Comics, Movies, Video Games, and More

"Making the most of every opportunity, because the days are evil."

~Ephesians 5:16

Monday, January 19, 2015


Every year brings a science fiction film that is not part of a franchise. District 9, Elysium and this year's Jupiter's Ascending are such films. Sometimes these films make big money and become critically acclaimed, but sometimes they fade into obscurity after a couple of weeks and then when they release on DVD is when the masses begin to realize how great of a movie they are. (DREDD, though a franchise film, comes to mind.) Director Doug Liman's EDGE OF TOMORROW was last year's sci fi feature. Based on Japanese light novel All You Need is Kill (more of a unique title definitely) the film is on the surface an alien invasion story. It introduces a unique concept, but sadly that quickly becomes old. Tom Cruise delivers a mixed performance as the lead star, and throughout you'll be wondering, "So, what exactly are these aliens?" While definitely not mediocre, one is better off watching the 2005 WAR OF THE WORLDS, another Tom Cruise alien invasion story.

Here's the official description from Warner Bros.:

The epic action of "Edge of Tomorrow" unfolds in a near future in which an alien race has hit the Earth in an unrelenting assault, unbeatable by any military unit in the world. Major William Cage (Tom Cruise) is an officer who has never seen a day of combat when he is unceremoniously dropped into what amounts to a suicide mission. Killed within minutes, Cage now finds himself inexplicably thrown into a time loop-forcing him to live out the same brutal combat over and over, fighting and dying again...and again. But with each battle, Cage becomes able to engage the adversaries with increasing skill, alongside Special Forces warrior Rita Vrataski (Emily Blunt). And, as Cage and Rita take the fight to the aliens, each repeated encounter gets them one step closer to defeating the enemy.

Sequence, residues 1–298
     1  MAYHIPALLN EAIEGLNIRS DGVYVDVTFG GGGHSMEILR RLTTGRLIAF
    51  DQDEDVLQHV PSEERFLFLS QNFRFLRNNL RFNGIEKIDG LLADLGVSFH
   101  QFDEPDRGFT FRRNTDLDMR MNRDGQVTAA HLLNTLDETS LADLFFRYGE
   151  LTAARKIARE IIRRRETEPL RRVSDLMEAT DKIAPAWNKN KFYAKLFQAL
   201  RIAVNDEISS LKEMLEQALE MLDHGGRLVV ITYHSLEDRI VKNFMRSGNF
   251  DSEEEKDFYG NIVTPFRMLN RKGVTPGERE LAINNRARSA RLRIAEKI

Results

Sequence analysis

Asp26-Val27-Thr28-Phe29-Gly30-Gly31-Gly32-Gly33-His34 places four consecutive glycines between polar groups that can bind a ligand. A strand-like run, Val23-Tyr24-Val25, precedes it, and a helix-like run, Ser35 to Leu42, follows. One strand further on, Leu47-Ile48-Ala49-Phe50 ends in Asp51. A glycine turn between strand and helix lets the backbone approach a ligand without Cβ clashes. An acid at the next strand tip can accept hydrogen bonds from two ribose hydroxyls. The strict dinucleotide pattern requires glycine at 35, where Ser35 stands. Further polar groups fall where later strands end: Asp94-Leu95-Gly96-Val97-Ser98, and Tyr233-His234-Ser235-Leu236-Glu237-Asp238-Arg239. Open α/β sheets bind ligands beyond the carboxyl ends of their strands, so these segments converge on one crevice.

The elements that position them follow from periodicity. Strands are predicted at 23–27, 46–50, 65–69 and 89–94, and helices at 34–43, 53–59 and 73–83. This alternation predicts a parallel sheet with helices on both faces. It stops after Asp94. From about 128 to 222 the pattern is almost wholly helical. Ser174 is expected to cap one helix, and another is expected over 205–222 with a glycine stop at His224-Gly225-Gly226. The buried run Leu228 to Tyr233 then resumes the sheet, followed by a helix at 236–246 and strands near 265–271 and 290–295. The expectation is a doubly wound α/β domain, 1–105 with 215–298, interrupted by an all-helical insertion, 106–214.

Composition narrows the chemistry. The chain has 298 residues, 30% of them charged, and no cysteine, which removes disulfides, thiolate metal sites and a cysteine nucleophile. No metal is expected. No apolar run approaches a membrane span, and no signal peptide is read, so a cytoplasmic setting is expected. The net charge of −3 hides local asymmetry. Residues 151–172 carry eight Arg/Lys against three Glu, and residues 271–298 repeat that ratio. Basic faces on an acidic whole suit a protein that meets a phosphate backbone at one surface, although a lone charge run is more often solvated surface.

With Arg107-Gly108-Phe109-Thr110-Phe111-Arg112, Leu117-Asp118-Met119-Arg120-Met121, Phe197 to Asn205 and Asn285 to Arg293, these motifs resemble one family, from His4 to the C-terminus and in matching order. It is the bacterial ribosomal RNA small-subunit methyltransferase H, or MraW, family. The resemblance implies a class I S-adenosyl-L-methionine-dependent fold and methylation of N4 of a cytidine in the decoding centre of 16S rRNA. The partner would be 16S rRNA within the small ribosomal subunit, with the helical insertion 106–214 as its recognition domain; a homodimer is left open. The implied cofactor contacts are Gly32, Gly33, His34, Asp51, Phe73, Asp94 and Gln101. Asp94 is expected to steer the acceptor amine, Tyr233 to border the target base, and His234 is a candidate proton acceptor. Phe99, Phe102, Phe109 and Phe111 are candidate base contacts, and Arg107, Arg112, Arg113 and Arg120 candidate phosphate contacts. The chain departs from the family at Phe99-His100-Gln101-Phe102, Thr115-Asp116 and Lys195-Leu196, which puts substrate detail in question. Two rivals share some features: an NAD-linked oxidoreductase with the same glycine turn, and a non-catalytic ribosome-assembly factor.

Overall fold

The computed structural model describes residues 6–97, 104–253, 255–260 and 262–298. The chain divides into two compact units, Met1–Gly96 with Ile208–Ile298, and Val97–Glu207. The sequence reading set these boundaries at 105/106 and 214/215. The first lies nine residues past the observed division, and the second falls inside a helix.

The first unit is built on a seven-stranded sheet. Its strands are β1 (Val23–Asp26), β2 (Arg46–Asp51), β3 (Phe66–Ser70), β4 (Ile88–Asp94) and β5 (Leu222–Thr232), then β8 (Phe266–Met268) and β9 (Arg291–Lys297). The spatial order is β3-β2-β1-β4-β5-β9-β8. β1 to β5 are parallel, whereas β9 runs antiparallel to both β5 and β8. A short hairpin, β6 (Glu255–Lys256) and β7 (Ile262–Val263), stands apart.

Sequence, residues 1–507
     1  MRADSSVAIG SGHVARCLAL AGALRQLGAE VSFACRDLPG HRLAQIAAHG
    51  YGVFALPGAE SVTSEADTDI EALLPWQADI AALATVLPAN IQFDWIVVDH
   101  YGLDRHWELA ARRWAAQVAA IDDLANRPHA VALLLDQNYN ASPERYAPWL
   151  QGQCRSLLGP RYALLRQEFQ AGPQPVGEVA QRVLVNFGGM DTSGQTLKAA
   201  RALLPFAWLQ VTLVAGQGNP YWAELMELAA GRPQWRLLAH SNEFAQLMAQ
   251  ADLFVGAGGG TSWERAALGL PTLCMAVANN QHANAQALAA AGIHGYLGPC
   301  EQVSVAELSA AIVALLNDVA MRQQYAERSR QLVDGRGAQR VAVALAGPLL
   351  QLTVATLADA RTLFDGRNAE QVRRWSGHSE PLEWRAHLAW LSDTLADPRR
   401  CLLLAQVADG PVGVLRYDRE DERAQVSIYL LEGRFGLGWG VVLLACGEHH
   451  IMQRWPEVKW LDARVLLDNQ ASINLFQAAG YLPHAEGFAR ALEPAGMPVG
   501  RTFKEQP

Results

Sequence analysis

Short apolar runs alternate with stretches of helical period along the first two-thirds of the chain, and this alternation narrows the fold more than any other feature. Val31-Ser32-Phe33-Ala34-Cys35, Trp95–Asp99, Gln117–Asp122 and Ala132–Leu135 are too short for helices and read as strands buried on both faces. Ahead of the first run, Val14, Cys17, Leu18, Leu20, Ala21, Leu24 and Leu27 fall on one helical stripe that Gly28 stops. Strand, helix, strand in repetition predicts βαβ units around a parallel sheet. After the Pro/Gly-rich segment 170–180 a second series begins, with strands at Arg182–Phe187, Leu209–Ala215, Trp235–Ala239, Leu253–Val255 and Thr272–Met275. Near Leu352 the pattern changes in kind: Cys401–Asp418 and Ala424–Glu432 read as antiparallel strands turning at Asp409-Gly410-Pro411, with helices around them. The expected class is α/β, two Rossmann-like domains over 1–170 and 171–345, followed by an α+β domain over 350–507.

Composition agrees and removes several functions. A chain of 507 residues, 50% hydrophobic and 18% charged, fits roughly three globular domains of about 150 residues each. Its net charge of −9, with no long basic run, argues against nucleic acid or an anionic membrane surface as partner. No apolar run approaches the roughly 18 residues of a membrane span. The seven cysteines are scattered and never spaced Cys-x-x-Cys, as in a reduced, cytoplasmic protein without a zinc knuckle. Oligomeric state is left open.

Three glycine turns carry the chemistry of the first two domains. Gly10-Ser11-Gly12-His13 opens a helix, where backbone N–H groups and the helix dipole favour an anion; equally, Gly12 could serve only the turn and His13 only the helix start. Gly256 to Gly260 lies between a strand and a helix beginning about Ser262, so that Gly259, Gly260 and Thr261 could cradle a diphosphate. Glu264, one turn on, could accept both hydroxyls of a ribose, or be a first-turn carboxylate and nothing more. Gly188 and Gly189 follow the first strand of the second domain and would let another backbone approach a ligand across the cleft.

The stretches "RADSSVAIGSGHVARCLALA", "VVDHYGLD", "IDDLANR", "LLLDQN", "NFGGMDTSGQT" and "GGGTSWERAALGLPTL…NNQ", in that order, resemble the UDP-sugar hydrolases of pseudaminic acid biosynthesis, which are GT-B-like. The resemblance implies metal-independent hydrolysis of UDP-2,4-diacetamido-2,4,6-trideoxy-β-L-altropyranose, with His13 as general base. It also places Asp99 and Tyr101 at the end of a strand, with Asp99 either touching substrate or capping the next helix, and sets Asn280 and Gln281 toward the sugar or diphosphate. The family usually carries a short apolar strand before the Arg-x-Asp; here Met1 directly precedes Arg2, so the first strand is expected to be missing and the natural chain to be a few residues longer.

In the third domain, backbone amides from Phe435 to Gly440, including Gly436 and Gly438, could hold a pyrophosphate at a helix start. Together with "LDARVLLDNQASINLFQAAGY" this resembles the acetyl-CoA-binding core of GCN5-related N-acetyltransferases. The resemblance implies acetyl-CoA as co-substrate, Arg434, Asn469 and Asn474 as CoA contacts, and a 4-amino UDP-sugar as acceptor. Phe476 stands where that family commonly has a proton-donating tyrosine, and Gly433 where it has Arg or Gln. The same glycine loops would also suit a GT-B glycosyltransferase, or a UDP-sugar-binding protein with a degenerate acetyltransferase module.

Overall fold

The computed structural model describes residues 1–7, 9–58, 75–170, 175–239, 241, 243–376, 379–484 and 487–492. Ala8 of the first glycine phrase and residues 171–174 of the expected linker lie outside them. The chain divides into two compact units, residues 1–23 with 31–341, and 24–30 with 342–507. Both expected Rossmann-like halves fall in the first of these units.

The last major alien invasion was 2012's Battleship, which was the opposite of quality. What was the last "great"one? Sadly, nothing comes to mind right away. Battle: Los Angeles and Skyline are the more recent ones, but they can't be called "great." Fun maybe, but they wouldn't be in anyone's top 100 films of all time. I doubt Edge of Tomorrow would be there either. While better than Skyline and perhaps LA, this movie suffers from a thing known as wasted potential. The big selling point as seen prominently in the trailers is the concept of reliving a day. While definitely intriguing for an invasion story, it becomes more of a running gag during the middle, descending almost into being a comedy. The most exciting part is the battle in France against the aliens (called 'Mimics') but the film spends a great deal of time showcasing Cruise dying and coming back. Since the film's concept is based around that, it should be a focus; but it just isn't as engaging as the overall idea is.